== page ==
an analysis by our Publisher Nat Frothingham
Vermont Public Radio ran a breaking news story on September 27 about a sharp spike in the demand for food at the Montpelier Food Pantry.
The story suggested a dramatic increase in the numbers of people visiting the capital city’s food pantry from a pretty steady number of 200 people a month this past spring to an average high of something close to 600 people or more per month this summer — a tripling of demand.
Anyone concerned about hunger locally had to ask — and ask searchingly — “What’s going on here.”
And note — since January 20 and the advent of the Trump administration we’ve heard a steady drumbeat of news about possible cuts to fuel assistance, tighter “food stamp” guidelines, cuts to college loan money, to say nothing about fears that millions of American could lose their government-assisted health insurance coverage.
You might think it relatively simple to come up with a number or numbers to precisely describe something as essential as hunger. There is either a hunger problem or not and if there is a hunger problem, produce a number.
In a phone conversation with Nicole Whalen, Director of Communications at the (statewide) Vermont Food Bank, she said that over the past six years the Food Bank has increased its overall food distribution from 6 million to 12 million pounds.
Last year, the Food Bank raised more than $5.5 million from October, 2016, to September, 2017. “The need has always been greater than we can meet. We always distribute what we can,” she said.
The Food Bank currently distributes to 215 network partners across Vermont including food shelves and meal sites. The Food Bank both collects donated food from a variety of sources and purchases food as well. And the food that’s donated comes from such large food companies as Hannaford, Shaw’s, Price Chopper, and C&S Grocery. And don’t forget gleaning. And don’t forget what restaurants contribute. The list of food donations is large.
“We end up purchasing a lot of fruit, millions of pounds of fruit and produce. We try to get what we can donated. Then we purchase what we need,” she said.
But back to the numbers. Whalen said, “It’s hard to really say when you look at the numbers what the whole picture is. Food insecurity rates have slightly declined this year.” But Whalen added. “Food insecurity rates have not gone down to where they were before the recession.”
Kari Bradley, General Manager of the Hunger Mountain Food Coop in Montpelier talked about ways the Coop is responding to local hunger. Last year the Coop donated 27,000 pounds of food to Capstone, the welfare agency in Barre. The Coop is taking a nickel that used to be refunded for each customer reusable bag. Now that nickel goes to support the local Back Pack program, a Rotary-sponsored food outreach program to elementary school children in Montpelier who qualify.
The Coop’s low-income discount program serves 91 people today, down from a high of 180 people in 2014. Why the drop? Well, consider what you need to qualify for the discount program. You need to qualify for SNAP (the old food stamp program, called 3SquaresVT in Vermont), or WIC (Women, Infants & Children) and you need to be a Coop member. If fewer people are qualifying under new SNAP guidelines, that could account for the drop in numbers getting food from the Coop’s low-income discount program.
In what proved to be an enlightening phone call with Food Bank CEO John Sayles, he acknowledged the Vermont decline in unemployment, currently at 2.9 percent.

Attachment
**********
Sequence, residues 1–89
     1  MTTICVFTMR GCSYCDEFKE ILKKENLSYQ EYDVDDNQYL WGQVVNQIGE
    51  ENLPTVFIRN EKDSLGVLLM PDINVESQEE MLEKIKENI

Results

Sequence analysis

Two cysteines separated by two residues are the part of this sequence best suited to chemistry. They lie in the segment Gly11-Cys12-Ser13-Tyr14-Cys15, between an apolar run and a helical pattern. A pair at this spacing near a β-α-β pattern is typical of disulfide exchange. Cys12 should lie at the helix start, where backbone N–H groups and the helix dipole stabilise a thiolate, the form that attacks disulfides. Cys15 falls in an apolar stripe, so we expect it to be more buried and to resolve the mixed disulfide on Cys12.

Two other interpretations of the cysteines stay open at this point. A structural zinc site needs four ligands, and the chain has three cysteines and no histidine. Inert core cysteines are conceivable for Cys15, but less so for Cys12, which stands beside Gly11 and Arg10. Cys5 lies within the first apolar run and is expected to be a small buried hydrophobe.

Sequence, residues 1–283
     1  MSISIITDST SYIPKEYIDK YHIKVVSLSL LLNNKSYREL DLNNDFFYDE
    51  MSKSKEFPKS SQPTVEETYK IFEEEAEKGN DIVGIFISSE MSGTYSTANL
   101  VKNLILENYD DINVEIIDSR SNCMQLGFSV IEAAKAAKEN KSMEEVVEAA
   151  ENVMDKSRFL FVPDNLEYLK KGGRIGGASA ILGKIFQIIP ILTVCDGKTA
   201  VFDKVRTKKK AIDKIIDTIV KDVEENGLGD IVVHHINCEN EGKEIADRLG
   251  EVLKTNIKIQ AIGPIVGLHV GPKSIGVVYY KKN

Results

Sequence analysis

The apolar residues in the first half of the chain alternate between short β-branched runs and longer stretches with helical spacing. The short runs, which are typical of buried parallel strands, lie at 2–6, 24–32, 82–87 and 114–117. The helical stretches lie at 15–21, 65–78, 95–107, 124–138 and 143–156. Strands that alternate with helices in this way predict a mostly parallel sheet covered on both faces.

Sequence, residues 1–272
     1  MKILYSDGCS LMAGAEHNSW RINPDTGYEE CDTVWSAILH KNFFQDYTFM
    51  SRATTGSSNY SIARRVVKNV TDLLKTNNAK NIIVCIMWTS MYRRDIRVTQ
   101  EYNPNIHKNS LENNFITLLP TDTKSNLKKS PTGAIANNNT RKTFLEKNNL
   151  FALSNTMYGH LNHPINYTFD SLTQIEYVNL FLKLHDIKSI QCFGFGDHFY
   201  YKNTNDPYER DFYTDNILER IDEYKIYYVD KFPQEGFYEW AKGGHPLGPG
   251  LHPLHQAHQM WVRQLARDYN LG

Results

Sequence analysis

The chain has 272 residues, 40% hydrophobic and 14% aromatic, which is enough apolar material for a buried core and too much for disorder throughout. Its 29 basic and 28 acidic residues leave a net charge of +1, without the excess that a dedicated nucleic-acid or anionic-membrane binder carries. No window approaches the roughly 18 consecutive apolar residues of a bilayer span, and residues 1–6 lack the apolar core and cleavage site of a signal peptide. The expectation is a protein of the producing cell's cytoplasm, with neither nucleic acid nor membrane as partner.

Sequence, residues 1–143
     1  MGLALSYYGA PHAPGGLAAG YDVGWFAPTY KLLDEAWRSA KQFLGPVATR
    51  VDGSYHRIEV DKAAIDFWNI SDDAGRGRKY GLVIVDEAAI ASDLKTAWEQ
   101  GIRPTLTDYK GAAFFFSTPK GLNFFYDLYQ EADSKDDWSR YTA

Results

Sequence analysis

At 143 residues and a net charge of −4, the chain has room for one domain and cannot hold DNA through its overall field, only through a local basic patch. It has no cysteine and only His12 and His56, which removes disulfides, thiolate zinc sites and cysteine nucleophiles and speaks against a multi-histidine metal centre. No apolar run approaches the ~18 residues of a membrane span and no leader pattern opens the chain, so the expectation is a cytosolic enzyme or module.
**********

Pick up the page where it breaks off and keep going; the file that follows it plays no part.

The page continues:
But that’s not the whole story. “Wages aren’t rising. But housing costs are rising. Working families are finding it hard to put the pieces together,” he said.
Food programs are one of those things that can offer relief to a working family’s budget when it’s under stress. “People are taking advantage of it because they are not making ends meet,” he said.
Then he added a critical statistic, “At least 30 percent of the people who are considered food insecure do not qualify for food stamps.” Perhaps they got a better job. But then, perhaps they lost some other benefit. Or they have a hospital bill. Or they had to fix a car. Or someone in their family needed financial help. Or someone is over 80 and living alone or without friends and struggling with dementia.
“So many families are $500 away from not making it,” he said. “We are seeing people taking advantage of the food system. That’s why it’s there. Each person who walks into a food shelf is a different story. The numbers don’t tell that story.”
Some of the other stories in play at the moment are these.
On November 15, Bethany Church will open a seasonal (winter only) shelter for 20 men in the church basement.
An up-to-date report from Rob Lehmert, who heads up the Montpelier Back Pack program to benefit qualified elementary school children and their families, was helping 35 children and their families when school ended last June. Now, 58 children are being help. An uptick of 67.7 percent.
And this from Diane Warwick, co-program manager for the Onion River Food Shelf, which serves Marshfield, Plainfield, and Cabot, “We’ve seen housing costs significantly rise in our area. It seems like more and more families are living together rather than branching off.”
And this from the Vermont Food Bank website, “Fifty-two percent of Vermont residents report having to choose between paying for food and paying for housing, while 63 percent report having to choose between paying for food and paying utility bills.”
So you still want a number, you still want clarity? Sorry, or as Jaime Bedard of the Montpelier Food Shelf said, “Everyone is rushing around trying to feed people. It seems somehow that we are applying a bandaid instead of dealing with the bigger issues.”